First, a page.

General Question

niki's avatar

Do you think business & corporations nowadays do more harm/bad things than good?

Asked by niki (714points) April 14th, 2011

Do you agree?

Don’t get me wrong, I am not saying that business is bad, but I truly feel that business nowadays is way too much only about milking big profits and that’s all, without any strong regards to morality, humanity and cooperation. Not to mention the often dirty ways of “buddy2” with politicians.

Whereas sometimes (or often?) what should be the possible solutions for Long-time world’s problems like energy crisis, and true, real development and breakthrough in scientific fields, and creative human endeavors are all hindered and even seemingly trampled down all because simply it doesn’t sell nor make huge profits.

I don’t know, to me it seems that many (but not all) businesses nowadays have seriously destroyed our planet & also humanity all because in the name of profits and business alone, instead of thinking more thoroughly and in all-encompassing manner.

What do you think?
and what should be the solutions then?

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14 Answers

gmander's avatar

Businesses and corporations are simply vehicles for people to use for the purposes of trade. They, of themselves, have no morality or actionable motivation. It’s the people in the businesses and corporations that cause all the good or bad effects following on from the particular business that they carry out.

I’m beginning to think that the concept of limited liability, which is what protects a lot of people running bad businesses, is past it’s usefulness as a tool for progress. What we should replace it with I still haven’t figured out!

bkcunningham's avatar

Ditto what @Rarebear said.

funkdaddy's avatar

A business is a group of people who come together to make a living.

The #1 purpose of a business is to make money, everything else is secondary and reflects the values of the individuals involved.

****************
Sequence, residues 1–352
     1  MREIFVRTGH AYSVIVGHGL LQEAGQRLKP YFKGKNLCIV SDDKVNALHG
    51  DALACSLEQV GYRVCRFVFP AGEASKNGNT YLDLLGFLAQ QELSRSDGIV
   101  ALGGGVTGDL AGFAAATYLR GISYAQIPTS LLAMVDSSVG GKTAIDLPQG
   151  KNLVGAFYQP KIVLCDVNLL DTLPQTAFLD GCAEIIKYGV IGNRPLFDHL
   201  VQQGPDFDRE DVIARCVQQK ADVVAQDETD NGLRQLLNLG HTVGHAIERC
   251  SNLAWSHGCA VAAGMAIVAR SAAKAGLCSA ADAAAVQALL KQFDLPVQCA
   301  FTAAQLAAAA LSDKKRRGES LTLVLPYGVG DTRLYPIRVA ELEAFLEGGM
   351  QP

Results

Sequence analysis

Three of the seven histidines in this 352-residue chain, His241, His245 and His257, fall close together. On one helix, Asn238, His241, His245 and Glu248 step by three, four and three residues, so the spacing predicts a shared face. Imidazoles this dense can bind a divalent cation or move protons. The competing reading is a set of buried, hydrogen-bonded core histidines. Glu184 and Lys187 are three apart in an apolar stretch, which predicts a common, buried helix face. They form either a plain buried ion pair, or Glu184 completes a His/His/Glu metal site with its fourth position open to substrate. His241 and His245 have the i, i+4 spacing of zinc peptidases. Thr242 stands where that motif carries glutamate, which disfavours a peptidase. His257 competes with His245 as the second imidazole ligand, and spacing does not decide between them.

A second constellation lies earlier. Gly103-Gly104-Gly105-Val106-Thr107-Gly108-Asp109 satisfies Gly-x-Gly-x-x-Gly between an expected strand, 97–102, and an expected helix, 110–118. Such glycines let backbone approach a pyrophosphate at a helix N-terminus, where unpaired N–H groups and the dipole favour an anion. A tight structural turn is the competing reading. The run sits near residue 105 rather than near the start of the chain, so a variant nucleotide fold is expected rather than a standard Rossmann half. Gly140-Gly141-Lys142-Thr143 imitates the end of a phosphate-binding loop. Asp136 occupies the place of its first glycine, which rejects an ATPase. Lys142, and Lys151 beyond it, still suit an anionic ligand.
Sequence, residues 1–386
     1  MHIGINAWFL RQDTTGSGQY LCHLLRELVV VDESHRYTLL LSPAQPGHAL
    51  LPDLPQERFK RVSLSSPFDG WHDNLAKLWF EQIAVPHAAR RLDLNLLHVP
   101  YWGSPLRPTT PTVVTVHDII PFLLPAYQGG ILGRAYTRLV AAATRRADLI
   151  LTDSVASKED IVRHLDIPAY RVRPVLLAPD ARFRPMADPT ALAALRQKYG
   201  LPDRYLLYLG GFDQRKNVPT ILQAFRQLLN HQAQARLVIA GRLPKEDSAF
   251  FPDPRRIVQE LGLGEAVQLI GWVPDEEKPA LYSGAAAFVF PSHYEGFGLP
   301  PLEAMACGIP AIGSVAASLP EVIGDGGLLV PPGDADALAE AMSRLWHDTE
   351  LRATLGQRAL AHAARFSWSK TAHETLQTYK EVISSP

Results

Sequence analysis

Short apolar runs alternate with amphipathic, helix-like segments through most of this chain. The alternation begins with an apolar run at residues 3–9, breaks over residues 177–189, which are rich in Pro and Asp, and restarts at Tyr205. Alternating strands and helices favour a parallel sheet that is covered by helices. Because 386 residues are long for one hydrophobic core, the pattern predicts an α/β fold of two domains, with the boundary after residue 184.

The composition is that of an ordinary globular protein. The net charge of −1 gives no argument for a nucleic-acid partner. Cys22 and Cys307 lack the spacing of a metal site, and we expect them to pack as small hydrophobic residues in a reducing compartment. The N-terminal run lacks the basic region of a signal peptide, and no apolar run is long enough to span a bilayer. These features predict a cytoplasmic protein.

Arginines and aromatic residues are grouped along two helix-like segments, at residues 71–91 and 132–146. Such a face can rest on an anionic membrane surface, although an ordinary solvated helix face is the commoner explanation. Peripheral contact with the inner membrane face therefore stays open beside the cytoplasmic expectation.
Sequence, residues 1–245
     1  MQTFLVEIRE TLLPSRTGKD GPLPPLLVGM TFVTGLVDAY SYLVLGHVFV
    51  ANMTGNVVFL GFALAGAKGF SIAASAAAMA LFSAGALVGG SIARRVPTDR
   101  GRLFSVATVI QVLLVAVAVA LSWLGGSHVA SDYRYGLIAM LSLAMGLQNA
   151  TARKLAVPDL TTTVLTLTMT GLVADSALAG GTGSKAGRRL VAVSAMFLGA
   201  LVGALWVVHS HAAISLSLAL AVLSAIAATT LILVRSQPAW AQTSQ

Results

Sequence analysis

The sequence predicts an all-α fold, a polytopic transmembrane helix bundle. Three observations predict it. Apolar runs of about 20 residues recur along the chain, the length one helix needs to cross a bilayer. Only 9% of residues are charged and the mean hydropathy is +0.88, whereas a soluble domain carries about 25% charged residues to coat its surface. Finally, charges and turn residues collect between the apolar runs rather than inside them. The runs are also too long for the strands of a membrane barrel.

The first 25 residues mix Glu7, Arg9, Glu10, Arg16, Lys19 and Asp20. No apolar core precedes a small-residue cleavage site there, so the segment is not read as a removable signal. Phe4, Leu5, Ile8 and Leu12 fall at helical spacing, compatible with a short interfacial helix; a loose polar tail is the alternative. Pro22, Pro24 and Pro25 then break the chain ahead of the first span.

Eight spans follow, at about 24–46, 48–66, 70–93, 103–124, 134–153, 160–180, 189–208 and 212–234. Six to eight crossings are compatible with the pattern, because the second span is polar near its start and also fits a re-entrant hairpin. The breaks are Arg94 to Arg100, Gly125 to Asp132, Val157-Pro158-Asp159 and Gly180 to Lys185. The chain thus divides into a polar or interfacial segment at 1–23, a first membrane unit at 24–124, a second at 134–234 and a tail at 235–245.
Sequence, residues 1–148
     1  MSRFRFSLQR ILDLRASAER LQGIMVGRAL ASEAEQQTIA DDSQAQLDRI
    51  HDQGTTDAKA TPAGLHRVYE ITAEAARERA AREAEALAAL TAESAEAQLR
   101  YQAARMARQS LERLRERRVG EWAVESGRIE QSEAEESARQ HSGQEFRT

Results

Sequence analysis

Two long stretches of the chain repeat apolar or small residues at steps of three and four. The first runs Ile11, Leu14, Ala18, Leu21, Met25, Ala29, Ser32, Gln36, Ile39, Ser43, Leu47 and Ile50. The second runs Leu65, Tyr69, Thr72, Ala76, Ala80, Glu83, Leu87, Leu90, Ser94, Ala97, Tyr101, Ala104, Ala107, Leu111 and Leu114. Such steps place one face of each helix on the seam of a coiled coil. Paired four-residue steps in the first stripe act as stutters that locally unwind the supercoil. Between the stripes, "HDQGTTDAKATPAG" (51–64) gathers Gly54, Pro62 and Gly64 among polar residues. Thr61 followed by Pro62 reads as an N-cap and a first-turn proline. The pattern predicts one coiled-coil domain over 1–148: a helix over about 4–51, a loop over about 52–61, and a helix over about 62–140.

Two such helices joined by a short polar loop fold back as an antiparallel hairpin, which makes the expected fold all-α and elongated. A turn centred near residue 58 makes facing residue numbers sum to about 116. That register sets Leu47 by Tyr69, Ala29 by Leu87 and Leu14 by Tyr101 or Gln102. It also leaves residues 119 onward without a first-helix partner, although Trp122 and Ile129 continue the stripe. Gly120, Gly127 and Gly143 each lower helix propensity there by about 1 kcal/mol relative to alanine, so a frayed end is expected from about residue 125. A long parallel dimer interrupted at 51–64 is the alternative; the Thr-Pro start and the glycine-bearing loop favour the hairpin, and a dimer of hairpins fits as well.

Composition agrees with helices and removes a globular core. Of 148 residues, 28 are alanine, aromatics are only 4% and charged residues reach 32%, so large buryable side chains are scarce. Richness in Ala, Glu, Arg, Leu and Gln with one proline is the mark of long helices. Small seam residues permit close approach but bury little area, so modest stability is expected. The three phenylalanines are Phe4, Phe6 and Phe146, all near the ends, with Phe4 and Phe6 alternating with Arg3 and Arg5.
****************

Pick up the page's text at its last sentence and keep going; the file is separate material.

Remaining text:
It’s difficult to reflect the values of all of the individuals involved in a large business, so most large companies revert the simplest (and primary) goal, which is to make money.

There are other groups and organizations who’s primary goal is to do good, but don’t confuse those with businesses.

Bellatrix's avatar

No, I don’t think businesses in general do more harm than good.

woodcutter's avatar

It’s the trend of short sightedness. Boost the bottom line quickly and without regard to ethics. They have the screw pensions mentality.

Bellatrix's avatar

Apart from the obvious benefits in terms of businesses providing many of us with work (or profits that fund our retirement), many, many business organisations are involved in CSR initiatives that are good for society. Even small businesses may be funding local children’s football teams and other community events/organisations or providing mentoring or work experience opportunities. Large corporations, even the ones we love to hate, are also often involved in initiatives that make our lives better. Ronald McDonald House (do you have those in the US? I would expect you do) for instance. Local TV networks here support life saving organisations and sponsor things like helicopters. Or consider the collaborations between business and universities. The opportunities businesses offer for workplace learning in the university I work for are increasing and provide wonderful experience for our students out in the real world. Those business people give their time, space and resources freely. Sure they may reap as they sow in time, but they give nonetheless.